Security in Washington, D.C., has tightened in advance of the inauguration of President-elect Joe Biden with the National Park Service restricting assess to the National Mall. Photo by Ken Cedeno/UPI | License Photo
Jan. 16 (UPI) -- Capitol police in Washington, D.C., said they arrested a Virginia man who tried to enter a restricted area and was found to have fake credentials and a loaded high-capacity magazine gun.
Wesley Allen Beeler, of Front Royal, Va., presented unauthorized credentials at a security checkpoint at North Capitol Street and E Street Northwest about 6:30 p.m. Friday.
Police searching his decal-covered Ford-150 truck found a gun with a high-capacity magazine inserted and more than 500 rounds of ammunition, local NBC news reported.
Beeler was charged by D.C. police with possession of a concealed weapon, possessing an unregistered firearm, unlawful possession of ammunition and possession of a large capacity ammunition feeding device.
The arrest comes as officials prepare for the inauguration of President-elect Joe Biden Wednesday.
Federal officials say they are confident the event will unfold safely, but last week's siege on the U.S. Capitol building has stoked fears of further violence.
Amtrak announced Saturday that the rail line would suspend service south of the District of Columbia due to heightened concerns over potential violence at the Jan. 20 swearing-in of President-elect Joe Biden.
"After last week's violent attack on the U.S. Capitol, we are taking extra steps to continue ensuring the safety of our employees and customers in Washington D.C. and across our network as we prepare for the Inauguration," the company said.
Service will be suspended on the Northeast Regional line south of Washington, including all Virginia stations, Amtrak said in a statement. Additionally, the Carolinian line will only operate between Raleigh and Charlotte.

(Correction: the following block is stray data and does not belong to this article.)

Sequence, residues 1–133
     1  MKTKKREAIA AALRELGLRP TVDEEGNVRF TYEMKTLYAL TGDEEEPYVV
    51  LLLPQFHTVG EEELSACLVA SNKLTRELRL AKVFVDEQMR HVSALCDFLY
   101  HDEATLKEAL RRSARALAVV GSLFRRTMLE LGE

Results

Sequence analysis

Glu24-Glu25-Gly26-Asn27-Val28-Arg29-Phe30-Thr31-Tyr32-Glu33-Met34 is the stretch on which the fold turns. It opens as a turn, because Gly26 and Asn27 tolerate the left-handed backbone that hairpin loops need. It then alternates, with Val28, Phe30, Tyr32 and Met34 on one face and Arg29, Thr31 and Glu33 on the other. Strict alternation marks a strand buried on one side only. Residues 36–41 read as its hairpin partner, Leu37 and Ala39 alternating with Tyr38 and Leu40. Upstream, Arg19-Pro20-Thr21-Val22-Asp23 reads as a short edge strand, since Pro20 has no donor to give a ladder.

All rail customers will be required to wear masks, and Amtrak will beef up police security on all trains, the company said.
In further preparations for the inauguration, the National Park Service announced that the National Mall would be temporarily closed to the public until Thursday, Jan. 21.
Closures will include the Lincoln Memorial, the White House Complex and the Memorial Bridge, as well as other areas and monuments constituting the "core areas" of the National Mall, the agency said.
The park service said First Amendment activities, including protests of the 59th presidential inauguration, would be limited to areas near the U.S. Navy Memorial and John Marshall Park. All demonstrators will be screened by federal agents, the agency said.
Washington has been on a state of alert after the Jan. 6 Capitol siege, with tens of thousands of National Guard troops and Secret Service agents stationed in the city to discourage threats of armed protestors during the inauguration. Washington D.C., Mayor Muriel Bowser said in a news conference that the city will block off streets around the Capitol. The city has closed Metro stations and advised tens of thousands of federal workers to stay home.
Christopher Wray, director of the FBI, which has the lead role in domestic intelligence and counterterrorism for the inauguration, said Thursday at the Federal Management Agency that the agency has seen indications of possible threats.
"We know who you are if you are out there and FBI agents are coming to find you," he said. "My advice to people who might engage in the type of activity we saw last week is stay home."